Fade Street Social may well be Dylan McGrath's spiritual home. He has combined elements of his Michelin star days with stylish tapas dishes and an excellent restaurant. Fade Street is a coming together of talent, style and great food with a unique vision.
Dylan made his name with his spectacular cooking in Mint, which got him a well-deserved Michelin star. His next venture was not more high-end cooking; instead he introduced us to Rustic Stone, which is still packed every night with people cooking their own meat and fish on hot lava stones.
His next venture was Fade Street Social, which combined a number of elements. There is a restaurant that makes use of a brick-domed oven, and there's what you could call a 'tapas' bar. It's tapas in the sense of small tasting plates, rather than in the sense of Spanish food. In fact it isn't easy to pigeon-hole the menu; there are influences from all around the world as well as re-workings of Irish dishes.
In some ways it is a showcase for modern Irish cooking, and I have eaten here pretty often, the menu changes and there are so many dishes to enjoy it’s impossible to get bored.
Here's a few examples from the menu, which keeps all the dishes in or around €10: air dried lamb with onion, fig puree, black olives and celery leaves, Soft shell crab in sesame spice flour with miso mayo, crab and lemongrass dipping sauce, crispy salt brandade and squid with pickled red peppers, chickpeas and chorizo; or if you're adventurous, the salted popcorn with crispy, free-range chicken cooked in tapioca flour, rolled in sumac and truffle butter. You'll notice that the dishes I've listed have a lot of components, and that holds true of all the others as well. A lot of work has gone into these plates.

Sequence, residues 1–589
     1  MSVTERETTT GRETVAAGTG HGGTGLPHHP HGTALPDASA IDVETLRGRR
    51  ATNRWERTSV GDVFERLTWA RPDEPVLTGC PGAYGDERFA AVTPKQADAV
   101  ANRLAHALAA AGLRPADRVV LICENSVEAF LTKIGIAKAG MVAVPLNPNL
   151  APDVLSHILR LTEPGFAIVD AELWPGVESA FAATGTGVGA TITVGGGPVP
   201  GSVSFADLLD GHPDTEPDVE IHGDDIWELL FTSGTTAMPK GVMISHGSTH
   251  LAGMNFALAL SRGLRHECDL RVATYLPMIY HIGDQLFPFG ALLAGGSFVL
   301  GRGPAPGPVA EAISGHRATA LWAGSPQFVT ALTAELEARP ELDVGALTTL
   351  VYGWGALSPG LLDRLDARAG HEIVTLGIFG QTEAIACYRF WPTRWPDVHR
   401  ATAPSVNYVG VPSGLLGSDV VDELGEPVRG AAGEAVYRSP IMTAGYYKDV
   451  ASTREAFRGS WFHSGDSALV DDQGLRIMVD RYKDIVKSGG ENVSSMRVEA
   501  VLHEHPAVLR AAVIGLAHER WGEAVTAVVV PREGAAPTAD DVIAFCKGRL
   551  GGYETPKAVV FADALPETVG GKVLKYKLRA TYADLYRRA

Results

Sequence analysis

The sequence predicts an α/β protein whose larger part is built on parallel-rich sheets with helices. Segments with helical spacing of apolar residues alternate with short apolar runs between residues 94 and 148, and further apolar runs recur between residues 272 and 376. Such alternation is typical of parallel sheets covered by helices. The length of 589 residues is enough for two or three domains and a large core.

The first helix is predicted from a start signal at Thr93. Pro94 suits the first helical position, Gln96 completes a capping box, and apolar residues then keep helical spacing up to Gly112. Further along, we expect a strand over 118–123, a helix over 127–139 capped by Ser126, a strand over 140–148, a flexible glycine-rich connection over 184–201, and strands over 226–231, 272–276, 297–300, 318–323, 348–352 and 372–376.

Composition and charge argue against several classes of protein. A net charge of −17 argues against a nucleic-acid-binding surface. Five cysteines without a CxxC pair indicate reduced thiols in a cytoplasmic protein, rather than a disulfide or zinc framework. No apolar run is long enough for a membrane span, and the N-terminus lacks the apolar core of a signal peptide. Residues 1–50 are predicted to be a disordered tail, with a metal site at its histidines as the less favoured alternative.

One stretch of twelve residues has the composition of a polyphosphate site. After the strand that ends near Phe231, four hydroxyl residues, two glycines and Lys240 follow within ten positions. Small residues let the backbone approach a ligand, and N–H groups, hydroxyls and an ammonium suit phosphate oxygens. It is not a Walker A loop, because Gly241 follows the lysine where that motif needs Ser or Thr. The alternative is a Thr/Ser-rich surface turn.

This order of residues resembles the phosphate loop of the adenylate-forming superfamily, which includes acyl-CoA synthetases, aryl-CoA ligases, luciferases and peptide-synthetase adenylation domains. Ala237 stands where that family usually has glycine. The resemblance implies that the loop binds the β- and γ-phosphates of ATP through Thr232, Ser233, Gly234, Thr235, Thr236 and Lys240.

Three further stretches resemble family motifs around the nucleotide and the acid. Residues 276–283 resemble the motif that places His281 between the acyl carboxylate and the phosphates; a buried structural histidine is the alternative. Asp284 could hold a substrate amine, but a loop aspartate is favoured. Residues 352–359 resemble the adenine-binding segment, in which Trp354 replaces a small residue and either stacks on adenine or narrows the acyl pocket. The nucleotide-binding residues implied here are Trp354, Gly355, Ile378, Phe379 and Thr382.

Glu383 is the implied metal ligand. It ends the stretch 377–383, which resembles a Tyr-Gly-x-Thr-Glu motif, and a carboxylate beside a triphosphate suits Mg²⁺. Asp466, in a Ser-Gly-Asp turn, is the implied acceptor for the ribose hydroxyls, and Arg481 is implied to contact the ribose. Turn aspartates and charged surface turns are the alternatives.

We were dining as a group with some friends from Hot Press and indeed Stuart was also reviewing the restaurant that night; does this make us a gaggle of critics?
The dishes came in no particular order, but the first on our table was the crispy salt cod brandade with squid and pickled red peppers, with chorizo and chickpeas. It was rich and delicious and very generous, and we wondered had we ordered too much, greed having gotten the better of us. Next came the tuna and tomato ravioli, which was fresh and light and thoroughly gorgeous.
Next along came the Chinese pork belly with crispy peanut brittle. This was slowed cooked and very tender, and was hearty and sticky and lovely. A lobster hot dog was next, which we halved and demolished. Lightness here came from the third of the second wave trio, the truffle hens’ egg with potato and olive oil foam, with a hollandaise dip.
I had almost forgotten the Magret duck, but it was thinly sliced and beautifully flavoured with pickled kumquats and a homemade confit spring roll while hot 3 cheese truffle muffins with warm celeriac cream milk and celeriac cream brought up the rear.
We enjoyed a couple of glasses of Sauvignon Blanc and now took a rest before dessert. After a decent interval we were ready for something light and sweet, and ordered the praline donuts with Tonka bean cream]ma and white coffee ice cream, which we enjoyed with a glass each or dessert wine, a Muscat and the Riesling,
We finished with coffee and headed upstairs to enjoy the last of the summer sun on the rooftop winter garden. Fade Street Social is five years old now, but manages to stay relevant and exciting with a lovely room, great staff and exciting food. It was packed on the second Saturday in September, and I was glad to renew the acquaintance, I’ll be back soon.